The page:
Federal Reserve Chair nominee Jerome Powell, who goes by “Jay,” is no Washington outsider. In fact, he was born and raised in the District and its Maryland suburbs and has served in both the Treasury and the Fed. President Donald Trump on Thursday announced Powell is his pick to lead the central bank, replacing Janet Yellen.
How did he get here?
Powell, 64, a Republican, is a member of the Fed’s board of governors. He received his bachelor’s degree in politics from Princeton and a law degree from Georgetown, and then moved to New York, where he worked as a lawyer and then an investment banker at Dillon, Read & Co.
He made his first foray into government in 1990, when he became undersecretary of Treasury for finance under President George H.W. Bush, overseeing policy on financial institutions and the federal debt market.
From 1997 to 2005, he was a partner at private equity firm Carlyle Group. Next, he moved to the Bipartisan Policy Center, a centrist think tank, where he helped moderate the congressional debate over the debt ceiling in 2011.
After being nominated by President Barack Obama, he joined the Fed’s board in 2012. He has been the central bank’s point man on regulation since April.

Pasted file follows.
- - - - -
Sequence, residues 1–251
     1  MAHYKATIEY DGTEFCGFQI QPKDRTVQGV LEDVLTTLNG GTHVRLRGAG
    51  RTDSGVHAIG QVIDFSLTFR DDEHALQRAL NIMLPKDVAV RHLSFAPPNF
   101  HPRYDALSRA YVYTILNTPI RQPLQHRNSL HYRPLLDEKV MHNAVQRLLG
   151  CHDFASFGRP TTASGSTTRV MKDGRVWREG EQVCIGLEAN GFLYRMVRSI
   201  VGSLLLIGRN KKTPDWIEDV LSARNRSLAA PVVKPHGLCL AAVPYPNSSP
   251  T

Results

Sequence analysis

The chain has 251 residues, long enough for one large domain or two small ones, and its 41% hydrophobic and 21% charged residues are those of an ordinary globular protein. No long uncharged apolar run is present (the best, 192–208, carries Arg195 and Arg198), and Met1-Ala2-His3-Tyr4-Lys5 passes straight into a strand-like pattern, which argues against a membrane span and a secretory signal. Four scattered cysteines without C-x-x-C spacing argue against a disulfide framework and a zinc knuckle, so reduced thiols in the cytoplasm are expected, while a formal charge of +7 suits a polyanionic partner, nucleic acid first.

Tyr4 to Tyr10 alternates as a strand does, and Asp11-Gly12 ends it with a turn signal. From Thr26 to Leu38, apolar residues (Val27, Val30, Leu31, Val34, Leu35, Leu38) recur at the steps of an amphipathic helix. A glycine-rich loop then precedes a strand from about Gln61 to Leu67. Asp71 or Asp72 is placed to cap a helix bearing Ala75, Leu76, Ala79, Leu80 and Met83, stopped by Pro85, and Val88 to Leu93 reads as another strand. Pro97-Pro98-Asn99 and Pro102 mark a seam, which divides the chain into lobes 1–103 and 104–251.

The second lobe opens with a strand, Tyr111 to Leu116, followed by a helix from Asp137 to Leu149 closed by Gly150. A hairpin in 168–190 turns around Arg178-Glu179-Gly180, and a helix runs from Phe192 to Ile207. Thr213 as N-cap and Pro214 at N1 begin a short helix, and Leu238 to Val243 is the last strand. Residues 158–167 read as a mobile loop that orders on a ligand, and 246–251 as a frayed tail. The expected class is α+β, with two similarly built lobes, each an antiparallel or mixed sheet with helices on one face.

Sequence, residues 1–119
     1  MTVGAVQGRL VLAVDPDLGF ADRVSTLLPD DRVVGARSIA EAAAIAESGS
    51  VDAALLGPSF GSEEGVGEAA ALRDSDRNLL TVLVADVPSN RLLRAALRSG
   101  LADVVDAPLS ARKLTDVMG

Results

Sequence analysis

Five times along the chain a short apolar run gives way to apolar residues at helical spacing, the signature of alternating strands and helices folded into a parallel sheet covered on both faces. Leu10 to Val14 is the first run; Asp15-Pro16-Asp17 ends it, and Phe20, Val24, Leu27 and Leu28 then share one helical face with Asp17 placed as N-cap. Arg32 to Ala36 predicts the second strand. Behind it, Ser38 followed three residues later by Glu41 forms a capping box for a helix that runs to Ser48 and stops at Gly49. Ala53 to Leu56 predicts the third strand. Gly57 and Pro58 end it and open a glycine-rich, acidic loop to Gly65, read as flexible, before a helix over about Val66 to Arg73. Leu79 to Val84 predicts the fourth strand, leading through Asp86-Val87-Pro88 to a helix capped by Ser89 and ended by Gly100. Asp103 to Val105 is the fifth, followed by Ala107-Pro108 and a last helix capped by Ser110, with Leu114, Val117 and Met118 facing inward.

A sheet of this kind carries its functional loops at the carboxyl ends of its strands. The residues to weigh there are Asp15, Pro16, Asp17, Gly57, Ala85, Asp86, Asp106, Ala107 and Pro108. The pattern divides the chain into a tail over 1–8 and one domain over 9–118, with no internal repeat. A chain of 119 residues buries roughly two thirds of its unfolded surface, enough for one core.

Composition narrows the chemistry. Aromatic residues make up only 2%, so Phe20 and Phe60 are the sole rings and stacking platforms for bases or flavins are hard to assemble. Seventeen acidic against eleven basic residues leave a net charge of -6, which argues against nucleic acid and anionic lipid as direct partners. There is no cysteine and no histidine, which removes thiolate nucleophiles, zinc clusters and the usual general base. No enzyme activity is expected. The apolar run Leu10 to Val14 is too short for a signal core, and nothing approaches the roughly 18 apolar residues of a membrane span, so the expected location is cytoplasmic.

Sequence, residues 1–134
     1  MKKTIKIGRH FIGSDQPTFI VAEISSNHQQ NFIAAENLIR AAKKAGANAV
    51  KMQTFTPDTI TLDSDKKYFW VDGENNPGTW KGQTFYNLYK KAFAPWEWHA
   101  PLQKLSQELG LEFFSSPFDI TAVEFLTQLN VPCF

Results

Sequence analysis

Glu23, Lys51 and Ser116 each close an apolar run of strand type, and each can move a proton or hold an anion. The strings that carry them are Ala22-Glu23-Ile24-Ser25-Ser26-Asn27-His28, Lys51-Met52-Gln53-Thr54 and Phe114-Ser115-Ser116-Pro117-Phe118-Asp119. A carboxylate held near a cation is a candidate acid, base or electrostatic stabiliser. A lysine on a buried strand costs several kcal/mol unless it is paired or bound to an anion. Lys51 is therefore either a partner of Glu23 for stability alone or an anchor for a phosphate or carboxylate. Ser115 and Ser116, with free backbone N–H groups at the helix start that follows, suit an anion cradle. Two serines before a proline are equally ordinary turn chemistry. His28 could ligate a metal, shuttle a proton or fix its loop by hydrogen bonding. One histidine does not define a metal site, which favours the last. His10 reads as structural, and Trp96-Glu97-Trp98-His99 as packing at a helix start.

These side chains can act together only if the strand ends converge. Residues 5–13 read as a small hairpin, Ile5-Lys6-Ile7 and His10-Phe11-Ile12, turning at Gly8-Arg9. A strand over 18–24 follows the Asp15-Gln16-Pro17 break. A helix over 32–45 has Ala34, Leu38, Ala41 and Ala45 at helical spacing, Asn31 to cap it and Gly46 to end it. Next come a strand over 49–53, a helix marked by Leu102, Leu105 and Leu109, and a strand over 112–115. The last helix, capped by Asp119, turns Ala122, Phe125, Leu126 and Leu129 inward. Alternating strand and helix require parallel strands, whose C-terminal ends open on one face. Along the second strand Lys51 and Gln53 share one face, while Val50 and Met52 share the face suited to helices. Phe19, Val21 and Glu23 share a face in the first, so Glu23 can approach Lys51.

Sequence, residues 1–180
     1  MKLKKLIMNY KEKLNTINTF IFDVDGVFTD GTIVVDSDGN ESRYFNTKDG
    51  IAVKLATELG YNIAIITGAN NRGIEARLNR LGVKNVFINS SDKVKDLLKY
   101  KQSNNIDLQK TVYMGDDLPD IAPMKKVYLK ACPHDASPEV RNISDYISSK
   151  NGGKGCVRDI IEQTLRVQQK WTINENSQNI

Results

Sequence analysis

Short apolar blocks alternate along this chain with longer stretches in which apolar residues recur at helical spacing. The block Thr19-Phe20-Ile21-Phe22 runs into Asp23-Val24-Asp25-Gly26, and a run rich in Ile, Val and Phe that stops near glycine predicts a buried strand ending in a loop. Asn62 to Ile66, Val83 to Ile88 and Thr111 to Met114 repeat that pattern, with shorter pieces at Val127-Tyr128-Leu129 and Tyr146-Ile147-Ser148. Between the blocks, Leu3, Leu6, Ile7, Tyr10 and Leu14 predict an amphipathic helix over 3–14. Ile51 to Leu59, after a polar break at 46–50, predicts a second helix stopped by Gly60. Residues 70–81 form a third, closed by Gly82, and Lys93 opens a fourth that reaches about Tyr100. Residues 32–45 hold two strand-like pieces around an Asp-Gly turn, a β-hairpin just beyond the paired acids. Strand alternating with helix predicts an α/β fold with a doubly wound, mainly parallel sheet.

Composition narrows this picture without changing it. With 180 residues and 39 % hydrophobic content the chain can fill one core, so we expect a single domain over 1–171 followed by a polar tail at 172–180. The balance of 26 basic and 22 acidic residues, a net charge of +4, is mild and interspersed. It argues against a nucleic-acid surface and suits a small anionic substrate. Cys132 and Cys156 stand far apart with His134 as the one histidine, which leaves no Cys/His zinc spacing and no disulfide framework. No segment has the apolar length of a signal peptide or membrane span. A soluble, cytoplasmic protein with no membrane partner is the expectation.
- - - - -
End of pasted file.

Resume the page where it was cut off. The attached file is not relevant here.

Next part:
So, he’s not an economist?
Nope. He’ll be the first Fed chair since Paul Volcker to not have a PhD in economics. But Powell is kind of a throwback: Before Alan Greenspan came along, it was more common for Fed chairs not to be economists. Powell would also be the first investment banker to lead the central bank.
An investment banker? So, is he rich?
Yes, particularly when compared with recent Fed chairs, who — as we’ve discussed — have been academic economists. Powell has a net worth of at least $21 million, though the actual number could be much higher, according to his financial disclosures.
He has been on the Fed board for five years. Has he disagreed a lot with Yellen?
Powell has not dissented from any of the board’s decisions made under either former Chair Ben Bernanke or Yellen. The Fed is an organization built around consensus, so fellow board members almost never dissent from the chair.
OK, then why didn’t Trump just renominate Yellen?
A few reasons. Yellen – a Democrat who was appointed Fed chair by Obama — faces a lot of opposition from conservatives in the Senate, which would make it a much rougher confirmation fight. Powell wasn’t necessarily the first choice of Republicans, but he’s much more palatable to them because he’s seen as more willing to ease some of the complex bank regulations that were rolled out after the 2008 financial crisis. Trump has also said he wants to make his own mark on the central bank.
Others have pointed out that Powell looks like he’s out of “central casting” for a Fed chair, which is always a plus for this president.
Are his views on monetary policy different from Yellen’s?
It’s not clear yet. As we said, he voted with Yellen on all of her previous interest rate decisions (she kept interest rates near zero until recently and has been hiking rates only gradually in the past year). He might not be as inclined to keep interest rates low, but he’s unlikely to take a drastically different approach. But that will also depend on how the economy behaves for the next four years.
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